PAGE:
Radio comms are in English.
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Old 17.08.2020, 19:55
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Re: Questions for the Pilots here

To quote a friend: if it flies, floats or f**ks, it's cheaper to rent.

My father could have afforded a new plane at most points of his almost 50 years of flying but always chose to be a member of a flying club instead, which granted him access to planes at a preferential rate. All you have to worry about is to clean it, refuel, fill in the logbook and put it back in the right spot after use. If there is any issue, you report it and someone sorts it out (obviously, if you caused damage, you pay for the repair but for the usual gremlins that can appear, it's sorted). The main downside is that you can't always have a plane if you want it, especially at short notice on a weekend.

Radio comms is in English and you have to prove that you are proficient in English anyway.
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Old 17.08.2020, 22:34
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Re: Questions for the Pilots here


So the UK PPL does not allow you to fly in CH.
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Old 17.08.2020, 22:46
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Re: Questions for the Pilots here

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To quote a friend: if it flies, floats or f**ks, it's cheaper to rent.
There are dozens of great sayings, this one being my favourite.
"The 2 happiest days in a man's life are the day he buys a boat, and the day he sells it."
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Old 18.08.2020, 11:16
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Re: Questions for the Pilots here

For the definitive answer, I suggest you contact the Federal Office of Civil Aviation FOCA,

Section Flight Personnel - licence administration

Tel: +41 58 463 54 56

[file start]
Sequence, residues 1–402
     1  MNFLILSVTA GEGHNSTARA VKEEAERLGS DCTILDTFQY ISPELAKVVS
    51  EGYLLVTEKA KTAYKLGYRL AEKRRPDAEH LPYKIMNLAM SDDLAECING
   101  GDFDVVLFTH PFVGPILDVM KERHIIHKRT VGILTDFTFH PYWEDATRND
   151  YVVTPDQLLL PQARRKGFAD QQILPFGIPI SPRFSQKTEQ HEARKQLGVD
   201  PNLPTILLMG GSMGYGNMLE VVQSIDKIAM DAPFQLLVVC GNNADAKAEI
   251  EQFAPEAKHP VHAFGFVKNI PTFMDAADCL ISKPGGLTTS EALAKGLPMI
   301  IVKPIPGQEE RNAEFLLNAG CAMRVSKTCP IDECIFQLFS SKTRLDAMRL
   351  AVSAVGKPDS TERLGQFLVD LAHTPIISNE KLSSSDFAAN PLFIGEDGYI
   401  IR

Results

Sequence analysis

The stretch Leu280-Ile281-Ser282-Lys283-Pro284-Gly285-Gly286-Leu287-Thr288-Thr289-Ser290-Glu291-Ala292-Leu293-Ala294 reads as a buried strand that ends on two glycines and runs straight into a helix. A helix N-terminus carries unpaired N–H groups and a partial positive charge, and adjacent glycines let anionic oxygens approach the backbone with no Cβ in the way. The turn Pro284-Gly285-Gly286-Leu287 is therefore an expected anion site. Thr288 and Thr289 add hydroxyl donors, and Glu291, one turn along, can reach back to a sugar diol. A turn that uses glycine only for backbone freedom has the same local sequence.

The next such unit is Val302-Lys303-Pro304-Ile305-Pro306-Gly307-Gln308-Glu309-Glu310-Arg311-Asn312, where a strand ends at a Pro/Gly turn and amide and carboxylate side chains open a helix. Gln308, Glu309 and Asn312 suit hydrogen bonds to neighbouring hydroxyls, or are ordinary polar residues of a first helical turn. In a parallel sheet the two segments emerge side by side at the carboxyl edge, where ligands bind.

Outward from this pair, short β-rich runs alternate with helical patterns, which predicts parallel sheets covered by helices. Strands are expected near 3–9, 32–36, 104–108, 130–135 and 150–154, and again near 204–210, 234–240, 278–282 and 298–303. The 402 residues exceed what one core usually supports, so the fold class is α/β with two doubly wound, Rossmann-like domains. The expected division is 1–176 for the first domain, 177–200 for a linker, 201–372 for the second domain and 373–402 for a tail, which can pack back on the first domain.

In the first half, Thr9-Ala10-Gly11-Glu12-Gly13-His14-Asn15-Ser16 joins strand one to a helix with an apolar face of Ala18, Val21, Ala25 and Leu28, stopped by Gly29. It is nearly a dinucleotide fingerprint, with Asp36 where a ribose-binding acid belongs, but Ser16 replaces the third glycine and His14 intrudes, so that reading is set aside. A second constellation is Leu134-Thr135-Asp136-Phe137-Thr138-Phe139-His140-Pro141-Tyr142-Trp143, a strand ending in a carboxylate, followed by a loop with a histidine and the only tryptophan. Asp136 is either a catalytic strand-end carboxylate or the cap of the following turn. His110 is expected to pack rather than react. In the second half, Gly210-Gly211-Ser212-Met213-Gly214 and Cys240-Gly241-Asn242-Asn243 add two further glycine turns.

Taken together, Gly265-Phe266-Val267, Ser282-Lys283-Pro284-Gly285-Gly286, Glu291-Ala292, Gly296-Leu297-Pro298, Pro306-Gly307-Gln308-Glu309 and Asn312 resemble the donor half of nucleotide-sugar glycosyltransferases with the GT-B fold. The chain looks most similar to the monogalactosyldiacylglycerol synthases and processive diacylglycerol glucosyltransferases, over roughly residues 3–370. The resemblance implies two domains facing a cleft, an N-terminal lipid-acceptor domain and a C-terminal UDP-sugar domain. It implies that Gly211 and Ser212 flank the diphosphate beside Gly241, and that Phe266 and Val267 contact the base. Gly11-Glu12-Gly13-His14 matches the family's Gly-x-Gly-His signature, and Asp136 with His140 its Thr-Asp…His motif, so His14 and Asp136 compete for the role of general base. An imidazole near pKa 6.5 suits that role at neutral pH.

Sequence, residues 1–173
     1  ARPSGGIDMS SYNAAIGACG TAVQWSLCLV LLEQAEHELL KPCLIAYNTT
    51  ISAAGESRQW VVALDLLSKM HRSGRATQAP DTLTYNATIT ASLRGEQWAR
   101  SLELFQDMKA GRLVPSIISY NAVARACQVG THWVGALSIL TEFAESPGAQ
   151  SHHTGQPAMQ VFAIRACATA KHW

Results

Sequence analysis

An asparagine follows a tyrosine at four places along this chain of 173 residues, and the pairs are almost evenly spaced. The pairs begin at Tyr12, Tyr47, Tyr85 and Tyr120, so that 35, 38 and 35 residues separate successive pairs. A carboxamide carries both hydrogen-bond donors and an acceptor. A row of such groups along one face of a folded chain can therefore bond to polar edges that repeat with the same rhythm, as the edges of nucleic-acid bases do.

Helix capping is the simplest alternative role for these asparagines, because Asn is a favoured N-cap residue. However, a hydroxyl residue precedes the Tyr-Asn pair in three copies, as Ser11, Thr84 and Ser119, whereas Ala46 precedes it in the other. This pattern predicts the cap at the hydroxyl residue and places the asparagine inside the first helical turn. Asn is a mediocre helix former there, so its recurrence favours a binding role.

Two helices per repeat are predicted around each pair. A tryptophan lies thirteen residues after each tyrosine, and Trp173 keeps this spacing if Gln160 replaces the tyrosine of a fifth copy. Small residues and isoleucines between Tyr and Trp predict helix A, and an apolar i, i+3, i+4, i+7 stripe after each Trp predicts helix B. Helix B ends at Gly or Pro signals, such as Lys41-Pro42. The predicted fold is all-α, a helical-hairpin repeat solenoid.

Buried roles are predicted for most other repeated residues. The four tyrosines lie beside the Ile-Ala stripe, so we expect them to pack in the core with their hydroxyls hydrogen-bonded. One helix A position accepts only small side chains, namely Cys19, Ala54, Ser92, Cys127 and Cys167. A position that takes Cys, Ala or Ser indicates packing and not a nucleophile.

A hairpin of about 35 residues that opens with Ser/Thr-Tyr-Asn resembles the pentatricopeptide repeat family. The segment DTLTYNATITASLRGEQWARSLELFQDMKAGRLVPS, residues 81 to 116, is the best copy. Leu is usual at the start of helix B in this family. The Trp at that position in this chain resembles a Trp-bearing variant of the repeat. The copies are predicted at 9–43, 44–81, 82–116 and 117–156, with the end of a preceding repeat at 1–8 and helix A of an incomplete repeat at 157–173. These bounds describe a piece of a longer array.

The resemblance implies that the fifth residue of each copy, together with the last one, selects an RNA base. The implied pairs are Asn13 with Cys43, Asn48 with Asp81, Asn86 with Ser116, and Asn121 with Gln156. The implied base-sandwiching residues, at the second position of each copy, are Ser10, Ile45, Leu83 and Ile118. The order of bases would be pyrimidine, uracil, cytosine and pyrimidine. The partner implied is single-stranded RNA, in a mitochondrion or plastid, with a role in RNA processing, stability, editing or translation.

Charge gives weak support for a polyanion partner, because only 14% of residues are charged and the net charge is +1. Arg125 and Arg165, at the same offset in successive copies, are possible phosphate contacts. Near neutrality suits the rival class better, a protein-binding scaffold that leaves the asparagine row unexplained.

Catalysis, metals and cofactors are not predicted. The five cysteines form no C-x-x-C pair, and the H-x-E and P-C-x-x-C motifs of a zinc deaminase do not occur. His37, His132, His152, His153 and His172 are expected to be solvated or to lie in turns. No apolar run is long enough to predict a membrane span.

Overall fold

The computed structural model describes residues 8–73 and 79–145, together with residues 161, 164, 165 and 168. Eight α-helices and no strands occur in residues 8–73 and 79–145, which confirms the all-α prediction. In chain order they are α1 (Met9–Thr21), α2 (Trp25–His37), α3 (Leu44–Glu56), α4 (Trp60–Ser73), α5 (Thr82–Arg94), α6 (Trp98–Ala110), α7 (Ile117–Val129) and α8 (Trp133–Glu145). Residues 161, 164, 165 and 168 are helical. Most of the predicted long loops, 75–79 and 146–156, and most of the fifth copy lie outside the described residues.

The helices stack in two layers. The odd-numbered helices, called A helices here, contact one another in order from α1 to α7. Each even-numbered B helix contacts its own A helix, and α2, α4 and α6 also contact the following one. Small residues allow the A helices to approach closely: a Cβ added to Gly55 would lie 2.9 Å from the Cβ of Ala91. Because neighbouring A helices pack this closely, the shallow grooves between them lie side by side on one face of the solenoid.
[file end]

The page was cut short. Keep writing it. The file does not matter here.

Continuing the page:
https://www.bazl.admin.ch/bazl/en/ho...ces/pilot.html

I'm sure they can answer your question.
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Old 18.08.2020, 11:42
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Re: Questions for the Pilots here

I've already emailed them with the question on whether I can fly with a UK PPL here

On the conversion, this is the form to convert a UK PPL to a Swiss one:
https://www.bazl.admin.ch/dam/bazl/e...20licence).pdf
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Old 18.08.2020, 13:37
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Re: Questions for the Pilots here

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So the UK PPL does not allow you to fly in CH.
I bet the same principles and rules apply as those on driving a car (not counting details such as license conversion).
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Old 18.08.2020, 14:25
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Re: Questions for the Pilots here

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There are dozens of great sayings, this one being my favourite.
"The 2 happiest days in a man's life are the day he buys a boat, and the day he sells it."
Just bought a new boat with center console and 30hp Yamaha. Just love this thing.Living in Locarno I secured a docking place , not a easy task. Wait list can go on for years. Lago Maggiore is very nice place to cruise all the way into Italy.
Will keep it for a long time .
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Old 18.08.2020, 17:17
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Re: Questions for the Pilots here

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To quote a friend: if it flies, floats or f**ks, it's cheaper to rent.
haha, made me laugh, thanks. I'll be sure to remember that the next time someone asks me advice on whether to buy a plane or not